All the same, I’m pretty invested in fiction. Some of the truest stories I’ve ever read have been fiction, and clearly so.

  5. There’s been an upsurge in the UK for ‘scripted reality TV shows’ lately–apparently viewers are fine with ‘reality’ filtered through a barrage of personal stylists and maintaining a consistently high level of drama and cliffhanger-y moments.

    In a way I think it’s actually sort of reassuring; watching these shows and thinking that they are actually reality requires a fairly high suspension of disbelief, especially as the ‘cast members’ will occasionally talk about the storylines and who will be ‘leaving’ and ‘returning’ in gossip magazines.

  6. Pilgrimsoul: I wonder if there is a hefty element of Schadenfreude in reality shows . . . maybe akin to whatever motivation our ancestors felt when they would travel for miles to witness an execution?

    Asakiyume: Investing more emotion–feeling justified in investing more emotion–hmmm have to think about that, and Nabokov’s spark of artistic truth.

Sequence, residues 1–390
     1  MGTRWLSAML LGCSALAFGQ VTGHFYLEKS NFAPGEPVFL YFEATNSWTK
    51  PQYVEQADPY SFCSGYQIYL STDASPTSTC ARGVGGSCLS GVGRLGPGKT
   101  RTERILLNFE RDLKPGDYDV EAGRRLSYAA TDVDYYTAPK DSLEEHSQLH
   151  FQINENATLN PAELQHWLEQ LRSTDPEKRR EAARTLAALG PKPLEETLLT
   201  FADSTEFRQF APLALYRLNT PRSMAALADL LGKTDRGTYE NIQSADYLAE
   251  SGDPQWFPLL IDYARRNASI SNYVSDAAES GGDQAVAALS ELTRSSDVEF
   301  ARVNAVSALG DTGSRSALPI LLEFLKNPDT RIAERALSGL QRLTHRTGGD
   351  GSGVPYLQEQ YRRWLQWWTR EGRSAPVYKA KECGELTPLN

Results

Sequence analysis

Storme: yeah, I’m told it is the same here.

  7. Schadenfruede definitely. I know several people who enjoy watching people they can despise.

  8. Top Chef and Runway are, at least, about people who have specific skills and are using them. I don’t doubt that the producers select for “colorfulness” and edit for drama, but the actual skills belong to the people on screen (except when they cheat, which lends its own sort of drama).

  9. Hmm. Guess I’m going to have to read more Johnson, because I love that part about it being neither useful nor appropriate for the novelist to merely imitate actuality, and having the obligation to shape a moral point. (Which I hope authors today will do without being as sermonistic and/or heavy-handed about those moral points as some of those past-century authors were.)

  10. Johnson says, “If the world be promiscuously described, I cannot see of what use it can be to read the account; or why it may not be as safe to turn the eye immediately upon mankind, as upon a mirror which shows all that presents itself without discrimination.”

    Johnson makes good reading–the reports of his discussions not only in Boswell but in Fanny Burney’s letters and diaries, and in those of others–make it clear the guy loved talking literature and writing (and everything else).